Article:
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To characterize the association of longitudinal changes in maternal anthropometric measures with neonatal anthropometry and to assess to what extent late-gestational changes in maternal anthropometry are associated with neonatal body composition.
In a prospective cohort of pregnant women, maternal anthropometry was measured at six study visits across pregnancy and after birth, neonates were measured and fat and lean mass calculated. We estimated maternal anthropometric trajectories and separately assessed rate of change in the second (15–28 weeks) and third trimester (28–39 weeks) in relation to neonatal anthropometry. We investigated the extent to which tertiles of third-trimester maternal anthropometry change were associated with neonatal outcomes.
Women were recruited from twelve US sites (2009–2013).
Non-obese women with singleton pregnancies (n 2334).
A higher rate of increase in gestational weight gain was associated with larger-birth-weight infants with greater lean and fat mass. In contrast, higher rates of increase in maternal anthropometry measures were not associated with infant birth weight but were associated with decreased neonatal lean mass. In the third trimester, women in the tertile of lowest change in triceps skinfold (−0·57 to −0·06 mm per week) had neonates with 35·8 g more lean mass than neonates of mothers in the middle tertile of rate of change (−0·05 to 0·06 mm per week).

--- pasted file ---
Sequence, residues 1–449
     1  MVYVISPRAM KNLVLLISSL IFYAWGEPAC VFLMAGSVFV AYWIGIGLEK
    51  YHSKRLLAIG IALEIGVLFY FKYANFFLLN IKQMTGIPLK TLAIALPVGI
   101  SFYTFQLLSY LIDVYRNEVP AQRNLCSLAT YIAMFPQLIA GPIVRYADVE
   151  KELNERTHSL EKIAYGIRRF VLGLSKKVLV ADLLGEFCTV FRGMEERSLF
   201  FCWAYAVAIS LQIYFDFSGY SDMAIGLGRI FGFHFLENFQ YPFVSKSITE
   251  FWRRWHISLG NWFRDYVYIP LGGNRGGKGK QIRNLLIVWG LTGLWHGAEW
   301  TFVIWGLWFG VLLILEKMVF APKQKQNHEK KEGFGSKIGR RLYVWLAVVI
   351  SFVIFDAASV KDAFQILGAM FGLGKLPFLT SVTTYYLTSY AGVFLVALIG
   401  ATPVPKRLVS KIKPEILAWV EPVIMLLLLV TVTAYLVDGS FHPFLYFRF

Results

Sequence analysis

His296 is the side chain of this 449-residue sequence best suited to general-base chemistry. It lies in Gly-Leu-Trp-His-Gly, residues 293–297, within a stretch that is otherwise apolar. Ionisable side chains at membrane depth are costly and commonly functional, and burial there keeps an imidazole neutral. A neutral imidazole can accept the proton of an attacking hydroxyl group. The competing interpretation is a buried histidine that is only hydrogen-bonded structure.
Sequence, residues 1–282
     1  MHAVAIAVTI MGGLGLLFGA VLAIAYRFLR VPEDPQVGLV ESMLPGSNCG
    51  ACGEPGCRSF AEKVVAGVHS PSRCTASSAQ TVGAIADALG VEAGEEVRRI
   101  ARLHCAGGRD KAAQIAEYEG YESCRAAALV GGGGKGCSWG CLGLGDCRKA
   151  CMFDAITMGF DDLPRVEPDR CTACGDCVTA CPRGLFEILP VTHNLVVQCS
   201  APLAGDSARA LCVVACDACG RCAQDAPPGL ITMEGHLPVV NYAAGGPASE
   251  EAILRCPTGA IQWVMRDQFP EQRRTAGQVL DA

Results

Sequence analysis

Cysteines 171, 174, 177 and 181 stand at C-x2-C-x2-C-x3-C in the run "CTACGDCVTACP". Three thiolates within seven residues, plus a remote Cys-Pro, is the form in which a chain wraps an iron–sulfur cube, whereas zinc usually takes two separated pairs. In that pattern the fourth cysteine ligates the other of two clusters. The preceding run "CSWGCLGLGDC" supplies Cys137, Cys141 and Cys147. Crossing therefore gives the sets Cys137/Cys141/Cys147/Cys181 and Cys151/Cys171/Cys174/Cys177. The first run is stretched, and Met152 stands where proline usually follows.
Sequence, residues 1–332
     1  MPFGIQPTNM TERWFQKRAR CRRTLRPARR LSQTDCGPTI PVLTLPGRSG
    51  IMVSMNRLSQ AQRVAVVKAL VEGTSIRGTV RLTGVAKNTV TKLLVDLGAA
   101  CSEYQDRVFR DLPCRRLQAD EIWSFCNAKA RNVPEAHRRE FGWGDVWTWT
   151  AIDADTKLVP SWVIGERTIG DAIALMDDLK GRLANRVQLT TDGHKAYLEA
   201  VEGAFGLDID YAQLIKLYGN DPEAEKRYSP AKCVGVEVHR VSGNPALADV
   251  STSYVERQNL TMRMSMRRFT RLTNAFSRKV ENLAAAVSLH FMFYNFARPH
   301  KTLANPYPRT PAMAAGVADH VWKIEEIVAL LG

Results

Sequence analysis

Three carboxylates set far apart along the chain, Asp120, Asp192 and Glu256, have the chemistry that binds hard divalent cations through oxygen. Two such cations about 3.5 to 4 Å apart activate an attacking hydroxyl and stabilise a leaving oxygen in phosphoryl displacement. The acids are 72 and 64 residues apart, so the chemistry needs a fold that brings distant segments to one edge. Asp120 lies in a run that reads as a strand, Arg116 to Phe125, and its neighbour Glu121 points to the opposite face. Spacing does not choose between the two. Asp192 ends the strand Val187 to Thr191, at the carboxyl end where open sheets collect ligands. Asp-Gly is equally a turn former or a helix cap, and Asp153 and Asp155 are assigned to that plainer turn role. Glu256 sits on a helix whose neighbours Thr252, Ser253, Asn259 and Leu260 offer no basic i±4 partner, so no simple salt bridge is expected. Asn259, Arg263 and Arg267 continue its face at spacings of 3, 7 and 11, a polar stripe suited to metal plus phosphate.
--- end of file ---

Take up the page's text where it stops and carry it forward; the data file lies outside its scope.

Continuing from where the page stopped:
The rate of change in third-trimester maternal anthropometry measures may be related to neonatal lean and fat mass yet have a negligible impact on infant birth weight, indicating that neonatal anthropometry may provide additional information over birth weight alone.
Candida auris (CA) is an emerging multidrug-resistant pathogen associated with increased mortality. The environment may play a role, but transmission dynamics remain poorly understood. We sought to limit environmental and patient CA contamination following a sustained unsuspected exposure.
A 528-bed teaching hospital.
The index case patient and 17 collocated ward mates.
Immediately after confirmation of CA in the bloodstream and urine of a patient admitted 6 days previously, active surveillance, enhanced transmission-based precautions, environmental cleaning with peracetic acid-hydrogen peroxide and ultraviolet light, and patient relocation were undertaken. Pre-existing agreements and foundational relationships among internal multidisciplinary teams and external partners were leveraged to bolster detection and mitigation efforts and to provide genomic epidemiology.
Candida auris was isolated from 3 of 132 surface samples on days 8, 9, and 15 of ward occupancy, and from no patient samples (0 of 48). Environmental and patient isolates were genetically identical (4–8 single-nucleotide polymorphisms [SNPs]) and most closely related to the 2013 India CA-6684 strain (~200 SNPs), supporting the epidemiological hypothesis that the source of environmental contamination was the index case patient, who probably acquired the South Asian strain from another New York hospital. All isolates contained a mutation associated with azole resistance (K163R) found in the India 2105 VPCI strain but not in CA-6684. The index patient remained colonized until death. No surfaces were CA-positive 1 month later.
Compared to previous descriptions, CA dissemination was minimal. Immediate access to rapid CA diagnostics facilitates early containment strategies and outbreak investigations.
Infect Control Hosp Epidemiol 2018;39:53–57
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